Safety Tips for Picnic Lunches at The Beach
5 mins read

Safety Tips for Picnic Lunches at The Beach

I love to eat on the beach. Whether it’s a simple picnic at high noon or cocktails and finger foods watching the sunset, dining al fresco is restorative for me. In Italian, al fresco means “in the fresh.” Translated into English, it means “outdoors,” and preparing a picnic lunch to enjoy outside doesn’t have to involve lots of work. With some thought and planning, it can be easy and fun.

Plan Ahead

If you plan to go to the beach on Saturday, begin thinking about what you’ll bring on Thursday. Giving yourself at least two days to shop for ingredients and gather supplies reduces the likelihood of forgetting anything. I always bring two coolers with me: one for ice and beverages (i.e., sparkling juice or water, still water, juice boxes, white wine or wine coolers) and the other for food and frozen ice packs. This ensures that cold food stays cold and beverages are nicely chilled when you’re ready to enjoy them. Once at the beach, I keep my coolers in the shade, under a small umbrella.

Sand-Free Eating

I also like to bring a very large beach blanket with me that I use just for meal time. Nothing spoils a picnic like a wet, sandy blanket that’s covered with toys, inflatable tubes, pails and shovels. When it’s time to eat, I just take out the blanket and lay it on the sand. Of course, you can’t totally guarantee sand-free seating, but it will certainly be dry!


When it comes to preparing meals, I always make kid-friendly and adult-appropriate lunches. Just because the kids want peanut butter and jelly doesn’t mean you’re limited to that, too. Making something for a more mature palate can be just as quick, especially if you have leftovers. Here are some ideas for healthy and delicious picnic lunches:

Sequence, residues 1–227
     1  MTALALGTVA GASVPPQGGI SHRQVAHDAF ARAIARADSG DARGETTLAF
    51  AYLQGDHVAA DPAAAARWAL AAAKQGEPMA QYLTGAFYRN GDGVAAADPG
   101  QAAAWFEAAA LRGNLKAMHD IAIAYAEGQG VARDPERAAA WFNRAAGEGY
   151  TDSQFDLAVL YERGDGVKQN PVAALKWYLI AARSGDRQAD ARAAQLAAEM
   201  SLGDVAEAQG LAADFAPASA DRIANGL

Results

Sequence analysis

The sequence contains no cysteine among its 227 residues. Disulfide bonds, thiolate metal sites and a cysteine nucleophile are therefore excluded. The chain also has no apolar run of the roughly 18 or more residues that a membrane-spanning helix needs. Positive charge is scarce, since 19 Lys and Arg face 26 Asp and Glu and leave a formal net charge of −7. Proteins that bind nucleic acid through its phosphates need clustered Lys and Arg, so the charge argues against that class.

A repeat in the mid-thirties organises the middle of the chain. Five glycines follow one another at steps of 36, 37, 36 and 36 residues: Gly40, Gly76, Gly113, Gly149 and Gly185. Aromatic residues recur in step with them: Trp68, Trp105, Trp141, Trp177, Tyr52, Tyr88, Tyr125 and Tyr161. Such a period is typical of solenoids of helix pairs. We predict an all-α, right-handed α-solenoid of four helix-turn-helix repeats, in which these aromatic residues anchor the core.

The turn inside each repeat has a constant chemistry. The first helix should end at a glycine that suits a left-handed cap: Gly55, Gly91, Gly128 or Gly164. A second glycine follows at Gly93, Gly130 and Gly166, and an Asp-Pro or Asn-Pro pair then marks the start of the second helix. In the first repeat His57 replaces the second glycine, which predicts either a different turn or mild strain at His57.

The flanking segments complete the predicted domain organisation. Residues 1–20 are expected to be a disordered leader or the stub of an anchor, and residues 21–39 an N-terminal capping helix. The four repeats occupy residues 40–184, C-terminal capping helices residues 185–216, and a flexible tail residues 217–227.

Grilled Chicken Pesto

This can simply be done using leftover grilled chicken and a good-quality, bottled pesto.

Tuna salad

Add light mayo, aged cheddar and Roma tomatoes: Serve on a whole grain roll for the benefit of added fiber.

Black Forest Ham

Add low-sodium Swiss, lite mayo and greens: For added flavor, put this filling between marbled rye bread.

Heirloom Tomatoes

Add fresh tomatoes, fresh mozzarella, basil leaves and olive oil: Use hearty, good quality bread for best results.


Add, swiss cheese, light mayo and greens — this is delicious served on a baguette.

Turkey Bacon

Turkey bacon, provolone, sliced avocado, greens and tomatoes on whole wheat bread: This is a yummy, healthy twist on the BLT!

Egg salad made with lite mayo and greens:

Made with lite mayo and greens: Tucking this mixture into a whole wheat pita makes it easy to handle.


Hummus, falafel, sliced cucumber and greens: On a baguette or in a pita, this will be a nutrient-rich lunch.

Keep them clean!

To ensure your sandwiches, wraps and salads stay free from bacteria, keep these tips in mind when preparing, packing and transporting your coolers:

Food safety starts at home!

Always wash your hands and kitchen surfaces in hot, soapy water before preparing anything. Rinse fresh fruit and scrub vegetables under running tap water, including those with skins and rinds that are not eaten. Wrap individual sandwiches tightly in aluminum foil and tuck them under frozen ice packs in the cooler. Keep sandwiches, wraps and salads in the refrigerator until you’re ready to leave the house. Be sure to put lots of ice in your insulated beverage cooler. Throw out any leftover perishable food like meat sandwiches, salads or fresh-cut fruits and vegetables. If you want more information about food safety, call the U.S. Food and Drug Administration (FDA) Food Information Line at 888-SAFE-FOOD, or visit them online at Last, but not least, don’t forget napkins, plastic utensils, wet-wipes and cups. I keep those supplies in a reusable cotton bag that’s always stocked. I replenish what was used during the last picnic, so I never have to worry about forgetting anything. Happy summer, and healthy eating!

About the Author

Tina Ruggiero, MS, RD, LD is a sought-after nutritionist, spokesperson and author. Fondly called The Gourmet Nutritionist, Tina is heard on TV, radio and her writing has appeared in magazines such as Family, Men’s Health, and First for Women. She is also a nutrition correspondent for NBC’s syndicated television show Daytime where she is seen regularly by millions of viewers around the nation. Her blog is often sited in magazines, newspapers and on the Internet for its reliable, accurate and inspiring content. Tina’s first book, The Best Homemade Baby Food on the Planet, will be on store shelves December, 2010.

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